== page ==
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Here Comes Another Goofing Minister!


It is amazing how some political appointees today seem to have the penchant for making public pronouncements.  While some of them probably talk just for media relevance, others do out of ignorance. But, whichever way it is, the end result is not pleasing.

For instance, last week, as the nation mourned the late Kofi Anan, former Secretary-General of the United Nations, Ms. Catherine Afeku, Minster for Tourism, Arts and Culture, was quoted in the media as saying that Busumuru’s death would boost Ghana’s Tourism Industry.

In the view of THE PUBLISHER, Madam Afeku’s statement is in bad taste, no matter how well she meant.

Asked if Mr. Annan’s demise would have any effect in the tourism industry, the minister reportedly answered in the affirmative insisting that people would travel from all over the world to see the global icon’s final resting place.

In our considered view, even if the loss of any individual could, in the long run, yield any dividend for the country, the timing and place of disclosing that ‘foreseen benefit’ is of prime importance. We think she had goofed big time.

In terms of sensitivity, we think her statement is not too different from an earlier one made in February this year by Mrs. Ursula Owusu-Ekuful, MP for Ablekuma West Constituency and Minister of Communications, to the effect that the death of Ghanaian artiste, Ebony Reigns, had cost her one parliamentary vote.

This is not the first time Hon. Afeku had goofed. In January, 2018, the same Tourism Minister for Tourism, Arts and Culture, Catherine Afeku blundered at a press conference and exposed her level of understanding of the Internet, when she claimed that social media wasn’t around in 2004. She had, as a matter of fact, wanted to talk about networks such as Facebook, Twitter and Instagram.

This paper can catalogue several other ministers in this government whose comments and utterances were also not properly thought through.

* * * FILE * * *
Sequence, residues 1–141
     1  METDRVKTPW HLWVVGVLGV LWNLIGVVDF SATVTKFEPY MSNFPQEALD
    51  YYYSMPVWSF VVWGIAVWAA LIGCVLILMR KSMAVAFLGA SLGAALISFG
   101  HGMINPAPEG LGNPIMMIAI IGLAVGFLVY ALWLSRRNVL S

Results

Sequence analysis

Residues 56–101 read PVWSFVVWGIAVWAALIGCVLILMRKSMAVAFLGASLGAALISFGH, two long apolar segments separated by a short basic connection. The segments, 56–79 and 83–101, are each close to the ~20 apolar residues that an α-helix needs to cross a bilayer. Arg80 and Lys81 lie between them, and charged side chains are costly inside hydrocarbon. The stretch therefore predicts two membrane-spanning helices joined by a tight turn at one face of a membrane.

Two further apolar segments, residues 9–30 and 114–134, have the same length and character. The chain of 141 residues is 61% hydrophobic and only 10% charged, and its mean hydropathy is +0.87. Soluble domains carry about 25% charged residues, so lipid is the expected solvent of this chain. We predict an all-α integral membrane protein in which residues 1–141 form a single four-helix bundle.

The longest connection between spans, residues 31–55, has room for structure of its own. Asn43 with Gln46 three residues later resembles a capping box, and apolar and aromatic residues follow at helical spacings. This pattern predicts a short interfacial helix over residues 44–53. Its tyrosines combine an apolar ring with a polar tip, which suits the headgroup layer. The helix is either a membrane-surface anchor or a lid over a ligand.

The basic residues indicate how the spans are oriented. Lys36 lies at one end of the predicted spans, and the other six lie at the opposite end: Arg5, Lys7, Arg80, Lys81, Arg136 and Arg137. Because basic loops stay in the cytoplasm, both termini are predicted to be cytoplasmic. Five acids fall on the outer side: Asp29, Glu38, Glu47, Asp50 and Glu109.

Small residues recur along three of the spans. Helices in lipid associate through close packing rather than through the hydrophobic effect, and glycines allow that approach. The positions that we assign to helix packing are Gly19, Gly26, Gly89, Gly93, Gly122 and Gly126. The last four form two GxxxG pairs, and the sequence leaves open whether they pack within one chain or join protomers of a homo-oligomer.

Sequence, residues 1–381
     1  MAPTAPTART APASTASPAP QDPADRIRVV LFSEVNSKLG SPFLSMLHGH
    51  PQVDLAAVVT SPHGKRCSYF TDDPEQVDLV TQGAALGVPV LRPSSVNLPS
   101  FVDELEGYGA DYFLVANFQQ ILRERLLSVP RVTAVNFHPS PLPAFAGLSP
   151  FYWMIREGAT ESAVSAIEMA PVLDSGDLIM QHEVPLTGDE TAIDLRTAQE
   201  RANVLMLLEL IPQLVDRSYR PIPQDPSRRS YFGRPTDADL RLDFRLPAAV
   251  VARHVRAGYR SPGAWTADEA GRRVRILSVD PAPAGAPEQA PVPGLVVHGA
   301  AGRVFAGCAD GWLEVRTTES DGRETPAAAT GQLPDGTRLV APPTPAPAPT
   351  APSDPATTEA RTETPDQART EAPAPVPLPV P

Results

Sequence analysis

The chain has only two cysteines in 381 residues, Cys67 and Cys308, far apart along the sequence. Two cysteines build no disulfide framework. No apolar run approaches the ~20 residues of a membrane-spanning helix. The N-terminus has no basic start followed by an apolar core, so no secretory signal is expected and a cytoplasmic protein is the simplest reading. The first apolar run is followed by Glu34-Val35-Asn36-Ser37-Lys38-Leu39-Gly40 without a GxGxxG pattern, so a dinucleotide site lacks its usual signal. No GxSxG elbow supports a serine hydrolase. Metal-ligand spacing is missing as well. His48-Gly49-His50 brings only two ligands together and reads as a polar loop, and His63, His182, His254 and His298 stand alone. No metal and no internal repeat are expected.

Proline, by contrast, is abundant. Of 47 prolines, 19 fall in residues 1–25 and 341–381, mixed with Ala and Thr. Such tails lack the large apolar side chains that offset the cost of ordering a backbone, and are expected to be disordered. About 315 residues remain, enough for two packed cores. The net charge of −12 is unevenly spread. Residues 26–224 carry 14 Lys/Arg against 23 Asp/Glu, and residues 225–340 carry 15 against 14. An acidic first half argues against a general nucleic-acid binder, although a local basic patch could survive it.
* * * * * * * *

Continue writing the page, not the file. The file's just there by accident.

In December 2017, Dominic Nitiwul said former President Mahama was occupying a residence on a military land, which later turned out to be inaccurate.

Then in April 2018, a Deputy Minister of information, Nana Ama Dokua Asiamah-Adjei, wrote on Facebook that Presidents Julius Maada Bio of Sierra Leone and Uhuru Kenyatta of Kenya rigged the elections that brought them to power.

This incurred the wrath of supporters of the ruling Sierra Leone People’s Party (SLPP) and nearly generated a diplomatic row.

Also, on record is the statement made in August 2017 by the then Deputy Minister for Agriculture, William Quaitoo, that slighted people from the three northern regions. He paid the price for those ethnocentric comments by resigning.

A month earlier, in July 2017, deputy Minister of Trade, Robert Ahomka Lindsay, was forced to swallow his words after he virtually chided Ghanaians living abroad for excessively whining.

“Nobody likes whiners. People that spend all the time whining really get on people’s nerves. So stop whining all the time “, he told a gathering of Ghanaians in the diaspora.

In our opinion, political leaders must not necessarily comment on issues they are not sure of. It is not how many times you are seen in that media that determines your efficiency.

Wise men, they say, speak because they have something to say; others because they have to say something.

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